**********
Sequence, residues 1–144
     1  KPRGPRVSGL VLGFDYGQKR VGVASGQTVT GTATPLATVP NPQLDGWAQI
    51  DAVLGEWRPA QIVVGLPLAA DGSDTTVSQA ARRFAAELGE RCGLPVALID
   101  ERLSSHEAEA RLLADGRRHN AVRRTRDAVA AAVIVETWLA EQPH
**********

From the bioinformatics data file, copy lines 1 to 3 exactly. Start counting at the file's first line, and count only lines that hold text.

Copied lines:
Sequence, residues 1–144
     1  KPRGPRVSGL VLGFDYGQKR VGVASGQTVT GTATPLATVP NPQLDGWAQI
    51  DAVLGEWRPA QIVVGLPLAA DGSDTTVSQA ARRFAAELGE RCGLPVALID